Stable Isotopes of Gold
|Isotope||Z(p)||N(n)||Atomic Mass||Natural Abundance||Nuclear Spin|
Gold has been valued since the earliest recorded times in history. Egyptians developed gold smelting around 3600 BC; their inscriptions dating back to 2600 BC specifically describe gold. One of the most iconic pieces of gold artwork known is Tutankhamun's funeral mask, which was made about 1223 BC. Gold is also mentioned several times throughout the Old Testament. Its name derives from the Anglo-Saxon word gold, and its symbol, Au, comes from the Latin word aurum, meaning "gold."
A yellow, ductile metal with face-centered cubic crystals, gold is also relatively soft and does not corrode in air, but it is tarnished by sulfur. It is chemically nonreactive and nontoxic but is attacked by chlorine and cyanide solutions in the presence of oxygen. It is insoluble in almost all single acids or hydroxide solutions, and it dissolves in aqua regia. It is relatively inert in comparison to the other two coinage metals, copper and silver. It is also chemically more inert than most other metals in the periodic table. It does not combine with oxygen, sulfur or selenium, even at elevated temperatures; however, it does react with tellurium in its molten state, forming gold telluride. Gold reacts with chlorine, bromine and iodine at elevated temperatures, forming the corresponding halides. Gold is not attacked by most mineral acids, including cold or hot sulfuric acid, phosphoric acid, hydrochloric or and nitric acids.
The most important uses of gold are in jewelry and as a monetary standard. The metal has been in use for jewelry, ornaments and decorative items throughout history. Gold bullion and coins have been used as a medium of exchange all over the world. Other uses include electroplating or gold plating of electronic components — such as diodes, heat shields, plugs and printed circuits — for infrared reflectivity and corrosion resistance. Still other uses are in dentistry, photography, and brazing alloys. Certain salts of gold are used in medical treatment.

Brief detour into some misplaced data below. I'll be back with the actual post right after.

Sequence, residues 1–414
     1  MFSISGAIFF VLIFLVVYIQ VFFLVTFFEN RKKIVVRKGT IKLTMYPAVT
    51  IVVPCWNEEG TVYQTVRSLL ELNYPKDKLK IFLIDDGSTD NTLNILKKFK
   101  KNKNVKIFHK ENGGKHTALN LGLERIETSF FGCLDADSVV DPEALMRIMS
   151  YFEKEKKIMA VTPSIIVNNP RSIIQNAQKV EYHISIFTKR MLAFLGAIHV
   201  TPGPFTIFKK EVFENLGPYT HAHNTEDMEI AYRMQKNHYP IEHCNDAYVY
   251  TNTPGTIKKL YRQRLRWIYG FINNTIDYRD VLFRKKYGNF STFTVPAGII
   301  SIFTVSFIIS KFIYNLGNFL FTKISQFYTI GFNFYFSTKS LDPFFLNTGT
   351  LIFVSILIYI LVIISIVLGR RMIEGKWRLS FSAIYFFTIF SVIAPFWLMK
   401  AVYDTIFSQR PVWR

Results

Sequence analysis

Properties of Gold
|Standard state||Solid at 298 ºK|
|CAS Registry ID||7440-57-5|
|Group in periodic table||11|
|Group name||Coinage metal|
|Period in periodic table||6|
|Block in periodic table||d-block|
|Melting point||1064 °C|
|Boiling point||3080 °C|
|Vaporization point||2856 ºC|
|Thermal conductivity||318 W/(m·K) at 298.2 °K|
|Electrical resistivity||2.214 µΩ·cm at 20 °C|
|Specific heat||0.13 kJ/kg K|
|Heat of vaporization||81.8 kJ·mol-1 at 3080 °C|
|Heat of fusion||3.03 kJ·mol-1|
|Density of liquid||17.31 g/cm3 at 1064 °C|
|Density of solid||19.3 g/cm3|
|Oxidation states||+1, +3; +3 is common and more stable|